Have you gotten much feedback from teens that really are, or have been, pregnant?Not me personally, but I'm sure that it's out there. The great thing about our show is that it enables teens and parents to start a dialogue about these topics and get a conversation flowing. These are real things going on in the world right now and hopefully it brings a little bit of awareness, even if it's in a comedic format.
Anna Faris also played a woman giving her baby up for adoption on Friends. Has she given you any tips on how to play pregnant?Anna is so wonderful and she's so good about answering any questions that I have. So, she's been not just an amazing coworker, but such a friend and such an influence. It's hard without a doubt [to play someone that's pregnant] because you're expected to convey so many feelings that you are just incapable of knowing about right now. But it's also been really fun in a weird way, because it feels like I've gotten to have a little secret. Obviously, everyone know that [the character] is pregnant, but pregnancy is such an intimate thing that it's taken a lot of digging and discovery. So, it's been super fun as well.
CBS just announced that Mom is coming back for a second season. How did it feel getting the news on the renewal?I could not stop smiling. I had the biggest smile on my face all day. It was the most wonderful news I could ever imagine. To find out now and not have to wait — knowing that you get to come back to this amazing project — it's just... amazing.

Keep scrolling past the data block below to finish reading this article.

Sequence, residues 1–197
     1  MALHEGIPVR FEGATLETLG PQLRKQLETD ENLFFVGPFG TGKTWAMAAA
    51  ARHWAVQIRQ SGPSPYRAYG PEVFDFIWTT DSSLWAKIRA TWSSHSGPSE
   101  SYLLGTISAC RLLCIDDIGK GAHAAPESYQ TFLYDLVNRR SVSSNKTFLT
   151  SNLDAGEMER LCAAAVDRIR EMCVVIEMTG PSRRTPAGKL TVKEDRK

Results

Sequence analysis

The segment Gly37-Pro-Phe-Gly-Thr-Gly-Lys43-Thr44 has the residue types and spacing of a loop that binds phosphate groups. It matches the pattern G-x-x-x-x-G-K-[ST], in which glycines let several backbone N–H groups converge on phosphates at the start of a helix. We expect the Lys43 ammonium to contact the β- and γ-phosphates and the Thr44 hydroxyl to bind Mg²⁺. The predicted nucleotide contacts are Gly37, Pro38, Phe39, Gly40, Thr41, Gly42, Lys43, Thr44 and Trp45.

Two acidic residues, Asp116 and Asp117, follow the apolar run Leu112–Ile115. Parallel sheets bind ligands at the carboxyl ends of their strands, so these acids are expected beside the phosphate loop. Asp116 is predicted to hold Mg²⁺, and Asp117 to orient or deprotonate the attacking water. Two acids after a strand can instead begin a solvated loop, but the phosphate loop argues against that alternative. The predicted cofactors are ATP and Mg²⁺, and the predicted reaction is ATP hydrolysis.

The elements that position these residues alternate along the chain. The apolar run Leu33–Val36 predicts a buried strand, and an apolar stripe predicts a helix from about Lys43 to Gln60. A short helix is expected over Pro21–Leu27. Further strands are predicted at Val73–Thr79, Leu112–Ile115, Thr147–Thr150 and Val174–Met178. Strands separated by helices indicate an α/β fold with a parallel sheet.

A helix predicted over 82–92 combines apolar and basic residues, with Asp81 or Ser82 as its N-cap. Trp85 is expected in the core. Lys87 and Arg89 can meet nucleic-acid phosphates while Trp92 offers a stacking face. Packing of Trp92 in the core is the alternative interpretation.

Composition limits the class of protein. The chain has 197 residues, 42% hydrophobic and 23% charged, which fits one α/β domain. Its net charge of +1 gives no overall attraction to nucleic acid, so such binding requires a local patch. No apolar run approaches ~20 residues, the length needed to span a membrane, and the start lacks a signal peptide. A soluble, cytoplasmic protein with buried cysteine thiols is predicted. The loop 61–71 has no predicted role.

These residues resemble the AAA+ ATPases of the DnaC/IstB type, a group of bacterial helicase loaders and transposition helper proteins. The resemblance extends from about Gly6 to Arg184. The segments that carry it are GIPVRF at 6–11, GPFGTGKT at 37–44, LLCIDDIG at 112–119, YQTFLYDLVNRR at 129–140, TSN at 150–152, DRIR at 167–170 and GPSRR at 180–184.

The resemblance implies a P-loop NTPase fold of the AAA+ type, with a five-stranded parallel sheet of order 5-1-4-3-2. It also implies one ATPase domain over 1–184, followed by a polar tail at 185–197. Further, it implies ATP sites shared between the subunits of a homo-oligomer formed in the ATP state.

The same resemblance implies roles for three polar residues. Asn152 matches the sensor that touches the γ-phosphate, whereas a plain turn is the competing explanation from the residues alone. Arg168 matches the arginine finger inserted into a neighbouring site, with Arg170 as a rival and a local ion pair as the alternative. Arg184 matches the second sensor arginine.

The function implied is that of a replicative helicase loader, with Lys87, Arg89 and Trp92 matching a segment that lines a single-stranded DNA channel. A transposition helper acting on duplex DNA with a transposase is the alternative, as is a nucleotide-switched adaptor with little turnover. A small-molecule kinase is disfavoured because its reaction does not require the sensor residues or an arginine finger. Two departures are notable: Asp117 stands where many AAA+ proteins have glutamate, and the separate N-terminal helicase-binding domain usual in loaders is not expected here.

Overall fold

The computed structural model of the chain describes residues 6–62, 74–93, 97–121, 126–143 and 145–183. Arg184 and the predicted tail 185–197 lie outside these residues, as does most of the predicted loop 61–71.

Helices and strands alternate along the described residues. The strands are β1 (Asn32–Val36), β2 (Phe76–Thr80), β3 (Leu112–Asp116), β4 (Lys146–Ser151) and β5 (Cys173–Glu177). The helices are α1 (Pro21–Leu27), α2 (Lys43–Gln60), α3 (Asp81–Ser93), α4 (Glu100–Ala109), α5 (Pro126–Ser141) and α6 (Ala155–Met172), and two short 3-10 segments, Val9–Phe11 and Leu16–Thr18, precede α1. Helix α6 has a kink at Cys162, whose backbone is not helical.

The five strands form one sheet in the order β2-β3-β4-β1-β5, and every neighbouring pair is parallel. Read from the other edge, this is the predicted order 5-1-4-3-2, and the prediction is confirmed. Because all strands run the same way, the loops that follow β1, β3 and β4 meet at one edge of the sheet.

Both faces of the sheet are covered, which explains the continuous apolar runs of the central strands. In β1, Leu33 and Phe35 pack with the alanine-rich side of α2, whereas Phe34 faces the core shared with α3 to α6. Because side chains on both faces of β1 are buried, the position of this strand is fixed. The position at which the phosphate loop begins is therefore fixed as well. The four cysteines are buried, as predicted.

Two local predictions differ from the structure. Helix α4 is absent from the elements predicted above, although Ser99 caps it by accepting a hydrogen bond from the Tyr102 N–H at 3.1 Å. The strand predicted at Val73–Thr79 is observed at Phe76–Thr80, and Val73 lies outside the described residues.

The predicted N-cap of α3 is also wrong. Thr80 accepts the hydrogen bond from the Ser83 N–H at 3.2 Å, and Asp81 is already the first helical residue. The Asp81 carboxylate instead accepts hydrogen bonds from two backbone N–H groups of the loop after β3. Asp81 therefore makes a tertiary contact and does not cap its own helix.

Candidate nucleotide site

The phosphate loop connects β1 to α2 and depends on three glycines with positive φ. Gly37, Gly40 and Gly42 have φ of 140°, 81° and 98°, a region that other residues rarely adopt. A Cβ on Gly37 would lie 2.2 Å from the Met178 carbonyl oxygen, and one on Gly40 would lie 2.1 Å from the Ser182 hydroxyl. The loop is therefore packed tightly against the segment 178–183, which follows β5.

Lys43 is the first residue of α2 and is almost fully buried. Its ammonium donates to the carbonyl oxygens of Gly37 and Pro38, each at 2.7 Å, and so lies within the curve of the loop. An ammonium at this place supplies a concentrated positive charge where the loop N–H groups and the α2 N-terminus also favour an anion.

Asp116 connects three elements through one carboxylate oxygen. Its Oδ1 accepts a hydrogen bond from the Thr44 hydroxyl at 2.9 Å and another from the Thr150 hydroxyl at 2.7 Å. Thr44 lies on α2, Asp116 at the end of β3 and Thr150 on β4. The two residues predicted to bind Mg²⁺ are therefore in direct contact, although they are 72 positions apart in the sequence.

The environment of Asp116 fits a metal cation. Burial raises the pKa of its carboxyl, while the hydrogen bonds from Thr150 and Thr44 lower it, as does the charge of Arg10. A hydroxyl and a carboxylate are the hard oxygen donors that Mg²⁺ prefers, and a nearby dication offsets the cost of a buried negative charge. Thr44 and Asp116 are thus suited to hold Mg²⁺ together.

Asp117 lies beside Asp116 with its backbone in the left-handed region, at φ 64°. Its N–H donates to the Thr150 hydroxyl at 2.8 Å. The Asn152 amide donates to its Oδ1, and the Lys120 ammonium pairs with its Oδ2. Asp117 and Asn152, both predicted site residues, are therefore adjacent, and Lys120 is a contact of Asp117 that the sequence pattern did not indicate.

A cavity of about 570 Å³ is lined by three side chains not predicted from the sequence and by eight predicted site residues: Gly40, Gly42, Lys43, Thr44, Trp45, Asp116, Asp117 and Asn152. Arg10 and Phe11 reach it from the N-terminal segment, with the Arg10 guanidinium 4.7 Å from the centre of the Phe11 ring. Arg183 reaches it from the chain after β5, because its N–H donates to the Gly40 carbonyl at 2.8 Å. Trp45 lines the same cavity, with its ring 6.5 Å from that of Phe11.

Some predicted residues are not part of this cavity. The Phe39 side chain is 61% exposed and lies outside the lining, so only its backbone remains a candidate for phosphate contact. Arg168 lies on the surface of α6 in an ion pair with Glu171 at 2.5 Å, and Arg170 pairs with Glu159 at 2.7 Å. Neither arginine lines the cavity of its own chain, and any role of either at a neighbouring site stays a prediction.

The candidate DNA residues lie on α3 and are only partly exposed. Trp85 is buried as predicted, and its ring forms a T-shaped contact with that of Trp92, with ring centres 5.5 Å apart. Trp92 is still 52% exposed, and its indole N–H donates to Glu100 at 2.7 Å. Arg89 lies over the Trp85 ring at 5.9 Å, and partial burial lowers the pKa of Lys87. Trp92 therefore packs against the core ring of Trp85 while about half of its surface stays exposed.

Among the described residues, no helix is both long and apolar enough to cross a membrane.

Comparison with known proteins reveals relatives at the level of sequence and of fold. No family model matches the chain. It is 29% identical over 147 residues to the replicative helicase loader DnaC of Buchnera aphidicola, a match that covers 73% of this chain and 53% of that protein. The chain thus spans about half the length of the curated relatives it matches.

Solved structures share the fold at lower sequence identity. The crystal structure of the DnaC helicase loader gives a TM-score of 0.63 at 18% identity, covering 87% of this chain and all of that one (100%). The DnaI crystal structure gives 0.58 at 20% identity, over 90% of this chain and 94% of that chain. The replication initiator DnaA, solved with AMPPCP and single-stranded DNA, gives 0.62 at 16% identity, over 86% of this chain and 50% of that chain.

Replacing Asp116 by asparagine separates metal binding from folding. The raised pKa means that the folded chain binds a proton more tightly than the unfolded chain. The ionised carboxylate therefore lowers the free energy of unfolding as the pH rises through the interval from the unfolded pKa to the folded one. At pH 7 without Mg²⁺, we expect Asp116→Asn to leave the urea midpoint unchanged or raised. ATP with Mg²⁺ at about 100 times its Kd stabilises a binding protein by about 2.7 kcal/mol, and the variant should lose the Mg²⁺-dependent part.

Any hints about what's in store for Violet?I have no idea, the writers are very good at being tricky. In the last couple of episodes, you've really been exposed to the strength that Violet has. She's made some undeniable mistakes, but she's a very intelligent girl. So, I'm hoping that you get to see the strength not just of Violet, but of the family that she's now enabling to thrive.
In the last seven years Denzel Washington has paired with director Tony Scott on four hyperkinetic ultra-saturated feature films: Man on Fire Deja Vu The Taking of Pelham 1 2 3 and Unstoppable. When he strays from the time-honored action collaboration you'd think the man would take a break from the format. Not so—as Washington's new film Safe House clearly demonstrates.